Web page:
By Ciara Leeming
This piece originally featured in Big Issue North magazine and is re-posted here with permission
A group of homeless people have found themselves a roof over their heads, stability and even employment. But it’s a squat and so all that they have achieved is under threat
Moves to close an impromptu homeless shelter would strip residents of their dignity and stability, it has been claimed.
Stacey Martindale, who until a few days ago lived at the Eccles Shelter, says the building has helped residents to move forward with their lives – with several going on to find work and alternative housing.
“We have two amazing support workers coming in, who bring rules and structure to the place.”
NHS Property Services, which owns the building – a former GP surgery that has been vacant for almost a decade – has spent the winter fighting to evict the 15-strong group, many of whom had previously been sleeping rough.
They are now waiting anxiously to learn their fate after a judge stayed the case earlier this month, giving them a temporary reprieve.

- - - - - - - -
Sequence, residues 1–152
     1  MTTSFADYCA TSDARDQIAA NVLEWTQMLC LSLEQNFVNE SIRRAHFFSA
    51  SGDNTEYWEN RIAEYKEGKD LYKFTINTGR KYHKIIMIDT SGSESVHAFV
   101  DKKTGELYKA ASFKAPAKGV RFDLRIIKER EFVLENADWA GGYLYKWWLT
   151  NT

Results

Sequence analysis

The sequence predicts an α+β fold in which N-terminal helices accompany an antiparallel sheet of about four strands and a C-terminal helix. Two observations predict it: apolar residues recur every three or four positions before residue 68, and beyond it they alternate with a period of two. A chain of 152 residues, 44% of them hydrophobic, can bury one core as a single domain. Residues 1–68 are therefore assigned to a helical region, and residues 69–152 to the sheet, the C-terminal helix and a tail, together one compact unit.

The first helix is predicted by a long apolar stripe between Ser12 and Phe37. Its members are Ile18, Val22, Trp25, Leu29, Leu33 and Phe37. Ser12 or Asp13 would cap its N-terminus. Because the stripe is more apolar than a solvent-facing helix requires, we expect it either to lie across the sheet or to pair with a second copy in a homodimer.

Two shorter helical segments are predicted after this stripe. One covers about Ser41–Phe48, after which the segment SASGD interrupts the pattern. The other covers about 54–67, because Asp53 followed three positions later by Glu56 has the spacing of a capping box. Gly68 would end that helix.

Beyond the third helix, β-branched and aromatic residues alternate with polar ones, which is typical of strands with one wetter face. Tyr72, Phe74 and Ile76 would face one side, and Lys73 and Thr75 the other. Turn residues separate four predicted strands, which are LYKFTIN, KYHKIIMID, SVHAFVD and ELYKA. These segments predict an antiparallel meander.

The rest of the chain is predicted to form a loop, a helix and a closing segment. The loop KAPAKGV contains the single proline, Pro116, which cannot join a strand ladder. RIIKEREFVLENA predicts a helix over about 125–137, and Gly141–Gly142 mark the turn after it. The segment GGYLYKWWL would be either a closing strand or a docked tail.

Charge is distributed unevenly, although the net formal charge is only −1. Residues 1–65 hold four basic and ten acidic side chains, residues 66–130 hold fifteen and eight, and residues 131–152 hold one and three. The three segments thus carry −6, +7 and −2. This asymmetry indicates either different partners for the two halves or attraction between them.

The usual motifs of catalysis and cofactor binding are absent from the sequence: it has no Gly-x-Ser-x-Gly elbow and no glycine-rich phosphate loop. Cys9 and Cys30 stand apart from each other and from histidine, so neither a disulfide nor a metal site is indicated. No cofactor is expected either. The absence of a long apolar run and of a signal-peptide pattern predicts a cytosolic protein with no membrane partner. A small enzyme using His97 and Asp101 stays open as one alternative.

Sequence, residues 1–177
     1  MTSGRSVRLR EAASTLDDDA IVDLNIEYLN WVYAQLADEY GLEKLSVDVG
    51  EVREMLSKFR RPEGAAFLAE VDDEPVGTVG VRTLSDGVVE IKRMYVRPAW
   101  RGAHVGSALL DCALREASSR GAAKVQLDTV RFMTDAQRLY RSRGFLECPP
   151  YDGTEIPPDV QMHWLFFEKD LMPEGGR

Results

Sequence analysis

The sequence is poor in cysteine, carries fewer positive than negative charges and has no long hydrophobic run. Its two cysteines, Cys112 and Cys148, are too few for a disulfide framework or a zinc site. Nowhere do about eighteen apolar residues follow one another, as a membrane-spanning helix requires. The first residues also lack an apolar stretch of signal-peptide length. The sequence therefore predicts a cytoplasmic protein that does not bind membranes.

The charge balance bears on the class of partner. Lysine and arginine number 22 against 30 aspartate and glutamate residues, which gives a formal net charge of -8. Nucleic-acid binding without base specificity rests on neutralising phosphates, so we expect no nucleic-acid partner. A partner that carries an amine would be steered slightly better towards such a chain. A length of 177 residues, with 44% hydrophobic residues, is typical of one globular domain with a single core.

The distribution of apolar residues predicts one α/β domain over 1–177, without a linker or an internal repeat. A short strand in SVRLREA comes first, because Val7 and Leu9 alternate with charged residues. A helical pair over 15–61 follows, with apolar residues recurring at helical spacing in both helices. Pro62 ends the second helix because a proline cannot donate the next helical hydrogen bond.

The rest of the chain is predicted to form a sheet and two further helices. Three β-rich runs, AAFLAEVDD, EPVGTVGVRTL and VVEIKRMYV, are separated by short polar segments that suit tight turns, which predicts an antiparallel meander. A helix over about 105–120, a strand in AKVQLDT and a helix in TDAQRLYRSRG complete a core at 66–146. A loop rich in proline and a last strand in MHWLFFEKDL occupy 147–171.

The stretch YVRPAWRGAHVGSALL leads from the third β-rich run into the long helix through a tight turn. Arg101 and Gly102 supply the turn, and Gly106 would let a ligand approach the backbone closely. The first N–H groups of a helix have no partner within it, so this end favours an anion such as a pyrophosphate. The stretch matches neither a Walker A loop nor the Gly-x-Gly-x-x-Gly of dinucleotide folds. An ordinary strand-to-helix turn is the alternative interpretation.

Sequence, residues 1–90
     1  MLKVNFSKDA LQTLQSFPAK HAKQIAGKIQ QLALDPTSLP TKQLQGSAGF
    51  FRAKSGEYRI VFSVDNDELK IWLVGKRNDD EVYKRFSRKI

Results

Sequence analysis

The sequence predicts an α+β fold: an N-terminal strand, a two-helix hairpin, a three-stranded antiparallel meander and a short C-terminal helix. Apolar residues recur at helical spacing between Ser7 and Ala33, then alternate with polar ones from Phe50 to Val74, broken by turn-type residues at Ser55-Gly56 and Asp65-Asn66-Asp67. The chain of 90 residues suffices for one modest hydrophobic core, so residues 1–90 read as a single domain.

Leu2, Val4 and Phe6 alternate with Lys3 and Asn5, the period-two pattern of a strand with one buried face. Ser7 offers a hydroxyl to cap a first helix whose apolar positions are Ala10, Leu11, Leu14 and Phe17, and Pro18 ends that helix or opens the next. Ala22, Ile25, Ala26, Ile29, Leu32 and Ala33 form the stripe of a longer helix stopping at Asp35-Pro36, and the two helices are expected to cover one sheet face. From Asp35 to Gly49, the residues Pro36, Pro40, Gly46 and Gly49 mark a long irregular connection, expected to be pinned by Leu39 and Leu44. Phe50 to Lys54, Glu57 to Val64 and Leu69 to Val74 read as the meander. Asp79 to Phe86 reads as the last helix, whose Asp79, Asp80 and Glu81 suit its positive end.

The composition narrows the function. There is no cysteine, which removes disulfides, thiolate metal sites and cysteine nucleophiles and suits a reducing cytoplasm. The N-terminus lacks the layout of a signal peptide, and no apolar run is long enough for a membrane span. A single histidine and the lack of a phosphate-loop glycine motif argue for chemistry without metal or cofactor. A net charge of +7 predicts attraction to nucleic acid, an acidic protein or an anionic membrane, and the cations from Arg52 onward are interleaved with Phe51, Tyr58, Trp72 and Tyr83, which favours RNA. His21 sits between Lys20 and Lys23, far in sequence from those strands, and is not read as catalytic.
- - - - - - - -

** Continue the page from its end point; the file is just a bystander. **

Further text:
Martindale, 32, who has just been put in temporary accommodation but still spends time at the shelter, told Big Issue North: “This place offers a level of stability that many of us wouldn’t otherwise have. There are people in here who are willing and capable – they just haven’t been given the opportunities, for various reasons.
“We’ve got a lad in here who has been working full time since Christmas, and he’s been able to hold that job down because of having somewhere to stay. Another resident has just found a local labouring job.
“We’ve got people who arrived straight out of the doorways, holding a single plastic bag, but now, thanks to donations from the public, they have managed to get some belongings – a few pairs of jeans, shoes and boxer shorts. These things make them feel a bit more human again. It doesn’t feel fair to strip them of their humanity all over again.”